Acta Phys. -Chim. Sin. ›› 2021, Vol. 37 ›› Issue (9): 2010048.doi: 10.3866/PKU.WHXB202010048

Special Issue: Fuel Cells

• REVIEW • Previous Articles     Next Articles

Recent Progress in Proton-Exchange Membrane Fuel Cells Based on Metal-Nitrogen-Carbon Catalysts

Liang Ding1,2, Tang Tang1,2, Jin-Song Hu1,2,*()   

  1. 1 Beijing National Laboratory for Molecular Sciences (BNLMS), CAS Key Laboratory of Molecular Nanostructure and Nanotechnology, Institute of Chemistry, Chinese Academy of Sciences (CAS), Beijing 100190, China
    2 University of Chinese Academy of Sciences, Beijing 100049, China
  • Received:2020-10-22 Accepted:2020-11-16 Published:2020-11-25
  • Contact: Jin-Song Hu E-mail:hujs@iccas.ac.cn
  • About author:Jin-Song Hu, Email: hujs@iccas.ac.cn; Tel.: +86-10-82613929
  • Supported by:
    the National Key Research and Development Program of China(2016YFB0101202);the National Natural Science Foundation of China(21773263);the National Natural Science Foundation of China(21972147)

Abstract:

Proton-exchange membrane fuel cells (PEMFCs) directly transform chemical energy into electrical energy with high energy density and zero carbon emissions, thereby offering a clean energy alternative for fossil fuels and vehicle electrification. However, the existing PEMFCs rely on Pt-based catalysts, especially at the cathode side wherein the sluggish oxygen reduction reaction (ORR) takes place, resulting in high cost and limiting their commercial applications. Therefore, there is a strong interest in developing platinum group metal-free (PGM-free) PEMFCs. Although impressive advancements have been made since metal-nitrogen-carbon (M-N-C) catalysts have been developed as promising candidates for low-cost cathode catalysts, PGM-free PEMFCs still suffer from insufficient activity and durability. Owing to the intricate structure of the tri-phase interface and mass transport limitation, the M-N-C catalysts with high ORR activity in rotating disk electrode (RDE) tests still suffer from unexpected problems such as showing low activity and undesired rapid degradation process in real fuel cell conditions. Therefore, a comprehensive understanding of the active sites and influences of the M-N-C catalyst structure and cathode structure on the PEMFC performance will promote the development of PGM-free PEMFCs. Herein, with an aim to increase the activity and durability of PEMFCs based on M-N-C catalysts, we summarize the recent progress in understanding the active sites of M-N-C catalysts and the relationships between the structures of catalysts/catalyst layers and device performances. At the catalyst level, multiple delicately designed synthetic strategies suggest that attractive device performances can be obtained by tailoring the intrinsic activity and density of the catalyst active sites while engineering the porosity of catalysts to improve the utilization of active sites. Additionally, integrating the catalyst ink into the cathode catalyst layers in PGM-free PEMFC is pivotal for transforming the impressive ORR performance of catalysts in the RDE test to fuel cell performance. Accordingly, the recent advances in the enhancement of mass transfer and charge transport to achieve remarkable fuel cell performance were also included by rationally designing ionomer contents, catalyst morphology, and fabrication process of cathodic catalyst layers. Moreover, durability is the Achilles heel of PEMFCs with M-N-C catalysts, which is currently far behind the commercial requirements. The possible degradation mechanisms and the recent progress in seeking the corresponding solutions are also discussed in this review, including the decomposition of metal species, protonation of nitrogen sites, corrosion of carbon support, and micropore flooding. Based on these insights, the perspective is proposed by articulating open challenges and opportunities in materials innovations and device engineering with an aim to achieve practical M-N-C based PEMFCs.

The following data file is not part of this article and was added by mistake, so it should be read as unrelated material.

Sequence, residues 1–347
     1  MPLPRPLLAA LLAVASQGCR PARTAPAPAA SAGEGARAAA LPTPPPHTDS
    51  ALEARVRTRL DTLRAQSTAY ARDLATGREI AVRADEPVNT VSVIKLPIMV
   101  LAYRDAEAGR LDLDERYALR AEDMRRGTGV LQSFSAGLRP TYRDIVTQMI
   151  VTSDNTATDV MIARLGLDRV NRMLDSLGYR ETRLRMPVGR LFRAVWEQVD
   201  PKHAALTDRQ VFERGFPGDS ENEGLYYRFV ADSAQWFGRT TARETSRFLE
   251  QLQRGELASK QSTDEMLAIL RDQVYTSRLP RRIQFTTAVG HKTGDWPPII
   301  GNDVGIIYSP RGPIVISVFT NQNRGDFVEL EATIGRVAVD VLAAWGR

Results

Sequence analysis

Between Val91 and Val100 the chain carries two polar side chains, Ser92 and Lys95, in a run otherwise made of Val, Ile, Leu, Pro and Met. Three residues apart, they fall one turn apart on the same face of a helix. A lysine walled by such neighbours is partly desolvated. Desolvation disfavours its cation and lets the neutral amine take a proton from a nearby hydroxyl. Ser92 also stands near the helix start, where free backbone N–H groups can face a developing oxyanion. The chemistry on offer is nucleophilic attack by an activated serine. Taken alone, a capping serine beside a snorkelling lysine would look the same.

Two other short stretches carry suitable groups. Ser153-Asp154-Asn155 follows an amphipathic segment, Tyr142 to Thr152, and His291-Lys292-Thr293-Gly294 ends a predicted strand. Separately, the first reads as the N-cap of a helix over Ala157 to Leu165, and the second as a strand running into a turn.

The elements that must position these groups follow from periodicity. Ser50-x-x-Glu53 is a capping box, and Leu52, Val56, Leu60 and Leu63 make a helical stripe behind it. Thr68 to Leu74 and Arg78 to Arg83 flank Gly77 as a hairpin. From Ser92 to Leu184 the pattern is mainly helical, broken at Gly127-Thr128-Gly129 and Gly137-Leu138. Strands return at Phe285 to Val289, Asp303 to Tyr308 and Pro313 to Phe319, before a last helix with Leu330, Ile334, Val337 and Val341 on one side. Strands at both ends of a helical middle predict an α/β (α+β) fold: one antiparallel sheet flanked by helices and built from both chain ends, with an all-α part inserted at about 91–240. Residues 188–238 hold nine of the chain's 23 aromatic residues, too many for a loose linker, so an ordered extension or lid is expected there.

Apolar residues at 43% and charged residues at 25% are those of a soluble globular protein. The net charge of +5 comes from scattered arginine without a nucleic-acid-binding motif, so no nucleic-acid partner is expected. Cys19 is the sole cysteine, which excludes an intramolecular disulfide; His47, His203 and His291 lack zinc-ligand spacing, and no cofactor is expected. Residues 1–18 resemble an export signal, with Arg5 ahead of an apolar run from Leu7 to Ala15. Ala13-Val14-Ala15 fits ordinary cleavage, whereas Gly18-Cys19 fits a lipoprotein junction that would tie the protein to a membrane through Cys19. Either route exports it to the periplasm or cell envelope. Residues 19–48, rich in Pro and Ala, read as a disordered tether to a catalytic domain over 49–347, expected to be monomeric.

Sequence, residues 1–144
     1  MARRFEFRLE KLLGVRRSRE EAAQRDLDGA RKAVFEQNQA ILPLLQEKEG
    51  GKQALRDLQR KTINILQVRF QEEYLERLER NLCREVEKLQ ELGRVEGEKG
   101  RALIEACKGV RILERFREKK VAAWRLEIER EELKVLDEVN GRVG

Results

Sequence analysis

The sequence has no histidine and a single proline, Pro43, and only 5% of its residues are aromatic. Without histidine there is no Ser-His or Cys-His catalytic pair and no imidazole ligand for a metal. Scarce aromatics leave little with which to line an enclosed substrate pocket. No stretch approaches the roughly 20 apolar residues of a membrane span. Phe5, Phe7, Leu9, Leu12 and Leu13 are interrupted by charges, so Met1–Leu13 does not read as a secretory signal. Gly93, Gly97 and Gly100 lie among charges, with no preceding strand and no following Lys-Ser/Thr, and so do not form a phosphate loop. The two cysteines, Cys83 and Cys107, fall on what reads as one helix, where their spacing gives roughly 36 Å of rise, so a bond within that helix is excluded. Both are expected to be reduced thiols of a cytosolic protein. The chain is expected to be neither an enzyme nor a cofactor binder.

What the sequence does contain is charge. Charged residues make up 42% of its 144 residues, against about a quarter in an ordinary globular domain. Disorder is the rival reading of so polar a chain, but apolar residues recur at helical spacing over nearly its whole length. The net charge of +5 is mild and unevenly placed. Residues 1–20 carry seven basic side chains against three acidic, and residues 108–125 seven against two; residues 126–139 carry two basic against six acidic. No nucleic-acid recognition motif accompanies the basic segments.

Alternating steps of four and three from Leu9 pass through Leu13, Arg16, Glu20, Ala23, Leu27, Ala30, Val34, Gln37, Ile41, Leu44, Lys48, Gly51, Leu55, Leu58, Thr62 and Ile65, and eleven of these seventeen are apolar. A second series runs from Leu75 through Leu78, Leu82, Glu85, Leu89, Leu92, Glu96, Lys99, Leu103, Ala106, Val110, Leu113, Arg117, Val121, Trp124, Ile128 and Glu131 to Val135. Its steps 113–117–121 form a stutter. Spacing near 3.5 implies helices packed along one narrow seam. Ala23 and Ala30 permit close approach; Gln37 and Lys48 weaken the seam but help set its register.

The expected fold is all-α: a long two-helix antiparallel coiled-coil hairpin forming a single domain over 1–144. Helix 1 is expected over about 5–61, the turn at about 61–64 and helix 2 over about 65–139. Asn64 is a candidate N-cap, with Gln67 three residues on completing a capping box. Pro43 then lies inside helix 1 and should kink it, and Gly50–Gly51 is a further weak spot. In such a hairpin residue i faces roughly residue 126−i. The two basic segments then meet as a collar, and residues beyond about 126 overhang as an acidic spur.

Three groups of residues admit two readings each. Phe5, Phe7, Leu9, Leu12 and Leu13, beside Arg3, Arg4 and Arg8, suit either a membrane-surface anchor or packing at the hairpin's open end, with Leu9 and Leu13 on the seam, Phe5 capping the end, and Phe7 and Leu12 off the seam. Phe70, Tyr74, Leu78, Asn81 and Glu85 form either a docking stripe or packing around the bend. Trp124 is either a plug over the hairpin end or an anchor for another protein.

Key words: Proton-exchange membrane fuel cell, Platinum group metal-free catalyst, Metal-nitrogen-carbon, Oxygen reduction reaction, Electrolysis

MSC2000: 

  • O646